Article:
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  • Tracing Our Research Trajectories: The Study of Gender in Muslim Societies
  • Azza Basarudin

A Research Roundtable of Southern California Scholars held at the University of California, Los Angeles, on February 13, 2008, brought together sixteen faculty and graduate students to share their own current research and assess the direction of research on women and gender in the Middle East/North Africa (MENA) and Muslim societies internationally. Organized by the Journal of Middle East Women’s Studies and cosponsored by the UCLA Center for Near Eastern Studies, Center for the Study of Women, Women’s Studies Department, and Center for Southeast Asian Studies, and the UC Santa Barbara Women’s Studies Program and Center for Middle East Studies, the event was designed to stimulate research on MENA and Arab and Muslim communities, and to build an extensive and inclusive academic research community. An audience of approximately 50 listened to the discussion and attended the reception that followed.

Conference participants represented various disciplines including Anthropology, Communications Studies, Comparative Literature, History, Islamic Studies, and Women’s Studies. They were encouraged to discuss their research in relation to a number of questions posed by the organizers, JMEWS co-editors Nancy Gallagher and Sondra Hale:

  • • From what sources have our ideas flowed in the first part of the twenty-first century, e.g., from the Global North or the Global South or a combination thereof?

  • • What is the status of feminisms as we travel the globe?

  • • How has globalization shaped our fields? [End Page 81]

  • • Which fields are most influential in contemporary international MENA/Muslim studies of gender, e.g. social sciences, humanities, comparative literature, modernist studies, postcolonial studies, development studies, transnational studies, etc.?

  • • How have various “perpetual conflicts” had an impact on our scholarship, including U.S. occupations, the “war on terrorism,” the situation in Palestine, and crises in Muslim areas such as Darfur?

  • • How would you characterize the epistemological journeys and research trajectories of MENA/Muslim communities gender studies in the twenty-first century?

  • • Is the gender concept viable in the Age of Empire?

  • • With reference to gender, race, class, and sexuality, is intersectionality an important conceptual and methodological approach for the study of MENA in the Age of Empire?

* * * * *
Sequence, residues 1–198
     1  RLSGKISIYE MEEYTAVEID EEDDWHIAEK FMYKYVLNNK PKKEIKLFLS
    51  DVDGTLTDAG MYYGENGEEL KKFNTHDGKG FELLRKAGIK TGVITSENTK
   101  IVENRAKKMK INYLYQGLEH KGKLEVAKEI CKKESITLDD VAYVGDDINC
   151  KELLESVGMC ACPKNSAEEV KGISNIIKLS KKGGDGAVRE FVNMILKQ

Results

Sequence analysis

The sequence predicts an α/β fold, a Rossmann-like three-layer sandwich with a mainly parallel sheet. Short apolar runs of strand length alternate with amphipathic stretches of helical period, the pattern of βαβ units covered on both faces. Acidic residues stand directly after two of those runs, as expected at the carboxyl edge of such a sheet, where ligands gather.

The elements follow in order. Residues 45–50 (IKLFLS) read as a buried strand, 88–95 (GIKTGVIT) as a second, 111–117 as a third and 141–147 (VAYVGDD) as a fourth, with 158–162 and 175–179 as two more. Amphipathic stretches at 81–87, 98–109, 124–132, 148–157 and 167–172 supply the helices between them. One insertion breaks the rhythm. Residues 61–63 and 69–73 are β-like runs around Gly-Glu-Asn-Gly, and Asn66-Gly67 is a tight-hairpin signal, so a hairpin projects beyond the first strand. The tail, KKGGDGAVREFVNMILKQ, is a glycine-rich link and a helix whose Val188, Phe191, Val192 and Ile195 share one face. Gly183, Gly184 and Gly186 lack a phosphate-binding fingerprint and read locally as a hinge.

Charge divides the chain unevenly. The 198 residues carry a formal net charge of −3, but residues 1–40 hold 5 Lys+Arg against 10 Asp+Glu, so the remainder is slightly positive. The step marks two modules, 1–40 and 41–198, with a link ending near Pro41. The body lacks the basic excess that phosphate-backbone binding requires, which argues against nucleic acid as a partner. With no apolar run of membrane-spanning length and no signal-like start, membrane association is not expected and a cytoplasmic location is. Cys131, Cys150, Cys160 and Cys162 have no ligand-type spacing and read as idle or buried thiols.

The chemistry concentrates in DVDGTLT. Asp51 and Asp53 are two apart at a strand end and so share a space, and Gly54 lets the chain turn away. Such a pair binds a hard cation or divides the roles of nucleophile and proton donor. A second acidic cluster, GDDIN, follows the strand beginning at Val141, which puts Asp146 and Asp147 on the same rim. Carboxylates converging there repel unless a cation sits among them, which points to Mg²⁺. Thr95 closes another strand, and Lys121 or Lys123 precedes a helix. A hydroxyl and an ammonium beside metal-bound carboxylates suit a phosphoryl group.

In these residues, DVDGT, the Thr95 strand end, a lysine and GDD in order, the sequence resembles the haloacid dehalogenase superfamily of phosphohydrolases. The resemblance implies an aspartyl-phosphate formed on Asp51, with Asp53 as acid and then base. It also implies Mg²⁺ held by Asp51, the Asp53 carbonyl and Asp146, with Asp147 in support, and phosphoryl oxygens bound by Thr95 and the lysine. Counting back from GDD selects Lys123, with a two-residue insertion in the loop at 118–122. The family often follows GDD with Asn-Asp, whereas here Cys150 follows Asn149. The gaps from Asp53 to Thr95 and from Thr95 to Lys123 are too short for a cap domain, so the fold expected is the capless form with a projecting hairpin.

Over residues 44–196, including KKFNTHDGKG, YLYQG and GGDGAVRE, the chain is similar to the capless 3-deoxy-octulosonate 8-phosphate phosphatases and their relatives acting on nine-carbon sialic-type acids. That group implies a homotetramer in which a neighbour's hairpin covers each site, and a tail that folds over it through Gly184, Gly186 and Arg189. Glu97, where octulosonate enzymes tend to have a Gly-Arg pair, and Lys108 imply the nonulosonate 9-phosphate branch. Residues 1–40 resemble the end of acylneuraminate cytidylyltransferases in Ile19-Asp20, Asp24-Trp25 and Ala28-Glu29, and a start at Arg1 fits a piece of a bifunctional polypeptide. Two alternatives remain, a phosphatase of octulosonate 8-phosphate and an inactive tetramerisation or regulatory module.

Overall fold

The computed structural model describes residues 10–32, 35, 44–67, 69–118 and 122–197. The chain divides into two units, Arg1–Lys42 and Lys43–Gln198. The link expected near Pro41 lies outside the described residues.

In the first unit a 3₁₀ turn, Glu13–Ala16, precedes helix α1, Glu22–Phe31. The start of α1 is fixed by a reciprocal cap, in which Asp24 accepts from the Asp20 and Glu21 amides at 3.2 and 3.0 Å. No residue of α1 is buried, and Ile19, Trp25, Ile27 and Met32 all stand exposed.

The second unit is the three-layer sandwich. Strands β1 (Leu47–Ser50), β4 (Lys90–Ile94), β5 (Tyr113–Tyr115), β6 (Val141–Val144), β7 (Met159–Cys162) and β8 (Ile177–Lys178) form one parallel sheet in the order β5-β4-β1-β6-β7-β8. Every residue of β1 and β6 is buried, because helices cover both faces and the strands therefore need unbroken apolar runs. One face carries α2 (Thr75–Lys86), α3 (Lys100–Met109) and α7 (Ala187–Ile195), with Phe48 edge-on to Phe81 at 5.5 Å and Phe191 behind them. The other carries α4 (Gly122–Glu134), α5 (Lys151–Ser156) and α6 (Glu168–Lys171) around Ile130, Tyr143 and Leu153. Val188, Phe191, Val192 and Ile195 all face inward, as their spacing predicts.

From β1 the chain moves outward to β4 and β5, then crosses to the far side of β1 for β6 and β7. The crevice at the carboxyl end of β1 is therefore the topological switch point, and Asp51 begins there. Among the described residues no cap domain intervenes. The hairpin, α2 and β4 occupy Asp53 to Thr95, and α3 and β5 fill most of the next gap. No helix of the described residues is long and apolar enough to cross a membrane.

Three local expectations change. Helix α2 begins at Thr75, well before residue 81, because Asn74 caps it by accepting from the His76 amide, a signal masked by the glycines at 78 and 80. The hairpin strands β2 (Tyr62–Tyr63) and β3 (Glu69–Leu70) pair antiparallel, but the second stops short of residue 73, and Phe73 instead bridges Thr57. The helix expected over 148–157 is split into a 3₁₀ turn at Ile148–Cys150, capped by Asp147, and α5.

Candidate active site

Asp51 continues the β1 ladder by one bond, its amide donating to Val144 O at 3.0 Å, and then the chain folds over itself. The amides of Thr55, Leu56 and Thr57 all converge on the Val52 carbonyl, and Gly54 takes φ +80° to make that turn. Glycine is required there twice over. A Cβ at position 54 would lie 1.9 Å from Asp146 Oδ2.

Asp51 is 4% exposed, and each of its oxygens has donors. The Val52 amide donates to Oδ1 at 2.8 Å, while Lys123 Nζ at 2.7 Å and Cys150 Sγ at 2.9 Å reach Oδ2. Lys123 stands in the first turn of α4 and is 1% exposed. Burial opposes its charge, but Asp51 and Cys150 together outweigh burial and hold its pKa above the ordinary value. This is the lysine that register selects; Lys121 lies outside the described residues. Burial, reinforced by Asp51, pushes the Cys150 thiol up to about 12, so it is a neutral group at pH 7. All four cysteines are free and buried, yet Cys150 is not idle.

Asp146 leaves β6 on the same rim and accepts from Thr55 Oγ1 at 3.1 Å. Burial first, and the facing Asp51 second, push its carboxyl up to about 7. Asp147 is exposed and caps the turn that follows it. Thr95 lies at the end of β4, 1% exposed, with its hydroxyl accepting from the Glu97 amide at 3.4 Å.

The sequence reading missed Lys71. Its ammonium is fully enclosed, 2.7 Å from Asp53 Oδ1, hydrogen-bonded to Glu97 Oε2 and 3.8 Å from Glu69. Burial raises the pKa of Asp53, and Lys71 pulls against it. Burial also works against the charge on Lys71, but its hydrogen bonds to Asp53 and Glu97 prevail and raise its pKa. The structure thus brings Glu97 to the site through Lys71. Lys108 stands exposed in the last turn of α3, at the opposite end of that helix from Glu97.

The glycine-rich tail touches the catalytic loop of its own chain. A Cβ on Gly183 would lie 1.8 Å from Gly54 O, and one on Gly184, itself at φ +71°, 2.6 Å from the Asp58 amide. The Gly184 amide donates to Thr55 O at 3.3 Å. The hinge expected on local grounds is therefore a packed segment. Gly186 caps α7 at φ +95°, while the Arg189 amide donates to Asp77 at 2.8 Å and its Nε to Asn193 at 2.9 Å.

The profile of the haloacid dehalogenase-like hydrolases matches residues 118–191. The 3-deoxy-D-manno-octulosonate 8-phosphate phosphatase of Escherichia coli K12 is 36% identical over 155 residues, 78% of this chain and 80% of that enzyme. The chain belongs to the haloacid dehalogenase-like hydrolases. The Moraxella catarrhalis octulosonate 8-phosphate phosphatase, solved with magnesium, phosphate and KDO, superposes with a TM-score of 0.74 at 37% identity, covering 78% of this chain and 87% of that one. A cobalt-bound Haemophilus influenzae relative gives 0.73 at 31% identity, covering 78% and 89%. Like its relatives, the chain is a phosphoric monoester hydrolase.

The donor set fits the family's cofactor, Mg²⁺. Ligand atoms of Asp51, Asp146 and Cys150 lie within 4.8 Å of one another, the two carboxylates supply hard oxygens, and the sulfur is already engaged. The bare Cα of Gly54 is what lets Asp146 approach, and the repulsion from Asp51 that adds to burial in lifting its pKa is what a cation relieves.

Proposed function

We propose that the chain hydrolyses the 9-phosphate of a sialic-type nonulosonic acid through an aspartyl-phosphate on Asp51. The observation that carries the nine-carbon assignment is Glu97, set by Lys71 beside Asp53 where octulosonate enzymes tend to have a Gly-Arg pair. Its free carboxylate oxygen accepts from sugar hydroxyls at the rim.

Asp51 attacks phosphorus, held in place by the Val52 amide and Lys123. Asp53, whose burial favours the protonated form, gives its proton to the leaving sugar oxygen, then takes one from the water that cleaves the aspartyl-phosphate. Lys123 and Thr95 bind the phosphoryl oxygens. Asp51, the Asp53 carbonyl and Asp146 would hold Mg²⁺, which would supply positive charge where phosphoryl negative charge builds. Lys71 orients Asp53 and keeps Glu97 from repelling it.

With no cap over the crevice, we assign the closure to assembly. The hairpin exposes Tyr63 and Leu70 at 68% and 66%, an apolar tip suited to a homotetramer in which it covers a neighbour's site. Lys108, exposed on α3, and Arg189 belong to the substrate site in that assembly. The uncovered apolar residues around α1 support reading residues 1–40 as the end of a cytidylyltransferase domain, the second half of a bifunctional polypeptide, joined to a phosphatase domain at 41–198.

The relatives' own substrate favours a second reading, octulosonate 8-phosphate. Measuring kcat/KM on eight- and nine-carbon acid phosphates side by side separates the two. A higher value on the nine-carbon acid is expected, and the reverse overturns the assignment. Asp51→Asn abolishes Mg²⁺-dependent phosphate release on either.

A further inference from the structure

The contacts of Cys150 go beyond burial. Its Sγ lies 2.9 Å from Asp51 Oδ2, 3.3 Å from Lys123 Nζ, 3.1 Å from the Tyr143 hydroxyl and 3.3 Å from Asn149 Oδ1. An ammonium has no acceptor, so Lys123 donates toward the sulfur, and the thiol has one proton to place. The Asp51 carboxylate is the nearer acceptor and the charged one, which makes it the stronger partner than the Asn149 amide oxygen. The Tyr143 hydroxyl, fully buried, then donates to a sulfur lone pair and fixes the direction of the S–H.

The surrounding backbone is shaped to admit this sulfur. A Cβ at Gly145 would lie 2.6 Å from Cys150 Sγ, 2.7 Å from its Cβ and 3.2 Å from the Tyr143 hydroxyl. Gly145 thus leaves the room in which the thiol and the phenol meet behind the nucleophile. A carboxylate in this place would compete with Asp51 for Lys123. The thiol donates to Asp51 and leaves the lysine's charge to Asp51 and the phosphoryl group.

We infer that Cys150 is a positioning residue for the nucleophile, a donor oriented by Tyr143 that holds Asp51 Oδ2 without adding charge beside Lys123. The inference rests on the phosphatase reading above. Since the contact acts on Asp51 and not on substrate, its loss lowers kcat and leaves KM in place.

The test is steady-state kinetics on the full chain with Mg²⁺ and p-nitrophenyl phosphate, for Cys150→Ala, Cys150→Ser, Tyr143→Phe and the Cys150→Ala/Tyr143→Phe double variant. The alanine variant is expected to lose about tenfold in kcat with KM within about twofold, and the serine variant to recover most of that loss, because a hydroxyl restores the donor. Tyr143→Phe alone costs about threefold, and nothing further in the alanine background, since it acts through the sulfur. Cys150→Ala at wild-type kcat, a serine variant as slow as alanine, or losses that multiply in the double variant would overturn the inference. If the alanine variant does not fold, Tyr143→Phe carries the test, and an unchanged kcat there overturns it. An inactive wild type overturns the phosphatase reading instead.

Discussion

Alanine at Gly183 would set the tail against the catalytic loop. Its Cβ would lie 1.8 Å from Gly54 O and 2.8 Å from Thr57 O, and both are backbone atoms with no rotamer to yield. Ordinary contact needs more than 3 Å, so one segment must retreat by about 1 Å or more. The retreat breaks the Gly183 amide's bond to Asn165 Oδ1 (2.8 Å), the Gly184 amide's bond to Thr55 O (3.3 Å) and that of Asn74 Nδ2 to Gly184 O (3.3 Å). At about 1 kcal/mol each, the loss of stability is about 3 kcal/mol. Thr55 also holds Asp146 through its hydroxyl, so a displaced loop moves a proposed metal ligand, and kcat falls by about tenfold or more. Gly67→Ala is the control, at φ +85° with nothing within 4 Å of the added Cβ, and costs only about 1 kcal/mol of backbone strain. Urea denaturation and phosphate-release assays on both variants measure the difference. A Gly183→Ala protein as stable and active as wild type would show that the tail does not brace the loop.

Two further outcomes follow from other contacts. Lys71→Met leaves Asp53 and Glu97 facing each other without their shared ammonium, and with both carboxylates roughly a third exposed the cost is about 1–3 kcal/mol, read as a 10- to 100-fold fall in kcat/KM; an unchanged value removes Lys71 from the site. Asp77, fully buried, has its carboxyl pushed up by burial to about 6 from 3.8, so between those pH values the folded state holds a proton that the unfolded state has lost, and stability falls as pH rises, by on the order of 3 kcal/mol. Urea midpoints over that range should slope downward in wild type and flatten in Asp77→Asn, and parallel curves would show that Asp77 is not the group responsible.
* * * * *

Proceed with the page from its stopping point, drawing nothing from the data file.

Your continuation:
• • What are the most viable and relevant theories, pedagogies, and epistemologies in contemporary MENA/Muslim communities gender studies?

  • • Are studies and programming around such topics as human rights, academic freedom, and MENA/Muslim women in a healthy state in the U.S. academy?

  • • Have Marxism, political economy, and research on class lost ground in our field?

  • • Does religious studies (namely the study of Islam) still dominate the field? What are the ways that religion has been taken up outside of religious studies? Put another way, how has religion or religious studies been reconfigured and what does this mean for our scholarship?

  • • What is the health of women’s studies within sexuality studies? Are women being excluded from sexuality studies?

Ece Algan (California State University, San Bernardino) described her research focus on the interactive impacts of globalization and local media on the construction of contemporary communications technologies, and their influence on women’s negotiating strategies and the reassessment of patriarchy and gender identities in rural Turkey. Fiazuddin Shuayb (UCLA) outlined his research in Muslim feminist hermeneutics [End Page 82] as they reflect anti-patriarchal readings, allowing for concepts of gender equity, and as they speak to traditional exegesis of Islamic sacred texts on gender as a whole. Gil Hochberg (UCLA) invoked the pervasive metaphors of walls and borders as promising tools for the analysis of gender, identity, gay/sexuality, and queer activism in the context of national and ethnic partition in Israel/Palestine, and emphasized the need to redefine key terms (e.g., in this case, “queer”) at the outset of any new research project. Amy Malek (UCLA) described her preparatory study of cultural productions of Iranian diasporic communities in New York City, focusing on representations of sexuality and identity.

Janell Rothenberg (UCLA) described the field of her research as the interplay of tourism and migration and of gender and sexuality in urban Morocco and in North Africa more broadly, inspired in part by the phenomenon of street harassment in Tangiers. Sherna Berger Gluck...


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